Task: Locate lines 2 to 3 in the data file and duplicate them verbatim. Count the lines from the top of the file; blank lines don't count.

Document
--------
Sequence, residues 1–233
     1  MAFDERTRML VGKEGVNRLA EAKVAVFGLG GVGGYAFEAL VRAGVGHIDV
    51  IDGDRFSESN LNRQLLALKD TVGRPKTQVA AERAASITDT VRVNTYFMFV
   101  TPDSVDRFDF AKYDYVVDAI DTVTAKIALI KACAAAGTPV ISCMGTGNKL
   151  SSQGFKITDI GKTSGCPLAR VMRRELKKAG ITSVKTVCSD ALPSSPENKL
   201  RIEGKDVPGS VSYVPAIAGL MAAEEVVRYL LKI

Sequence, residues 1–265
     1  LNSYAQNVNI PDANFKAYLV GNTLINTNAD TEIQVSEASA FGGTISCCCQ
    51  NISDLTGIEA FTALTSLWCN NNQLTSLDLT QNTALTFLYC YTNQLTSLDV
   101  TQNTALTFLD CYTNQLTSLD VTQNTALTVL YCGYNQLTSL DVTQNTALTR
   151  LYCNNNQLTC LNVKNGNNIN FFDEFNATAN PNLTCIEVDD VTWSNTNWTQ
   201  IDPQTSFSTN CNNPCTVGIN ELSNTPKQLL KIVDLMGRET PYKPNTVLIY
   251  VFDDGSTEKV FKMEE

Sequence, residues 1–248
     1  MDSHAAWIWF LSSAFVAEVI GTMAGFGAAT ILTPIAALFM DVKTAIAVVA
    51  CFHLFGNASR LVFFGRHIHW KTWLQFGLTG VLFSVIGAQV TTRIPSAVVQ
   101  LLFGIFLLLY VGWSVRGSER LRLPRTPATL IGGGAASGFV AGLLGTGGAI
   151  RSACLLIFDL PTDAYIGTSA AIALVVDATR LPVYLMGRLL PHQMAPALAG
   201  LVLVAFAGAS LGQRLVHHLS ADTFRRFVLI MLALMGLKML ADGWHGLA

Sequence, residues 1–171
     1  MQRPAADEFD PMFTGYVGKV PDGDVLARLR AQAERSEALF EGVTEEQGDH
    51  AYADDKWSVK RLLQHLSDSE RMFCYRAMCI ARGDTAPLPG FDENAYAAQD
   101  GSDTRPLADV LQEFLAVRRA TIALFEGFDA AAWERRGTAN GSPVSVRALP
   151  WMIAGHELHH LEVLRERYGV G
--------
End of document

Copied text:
     1  MAFDERTRML VGKEGVNRLA EAKVAVFGLG GVGGYAFEAL VRAGVGHIDV
    51  IDGDRFSESN LNRQLLALKD TVGRPKTQVA AERAASITDT VRVNTYFMFV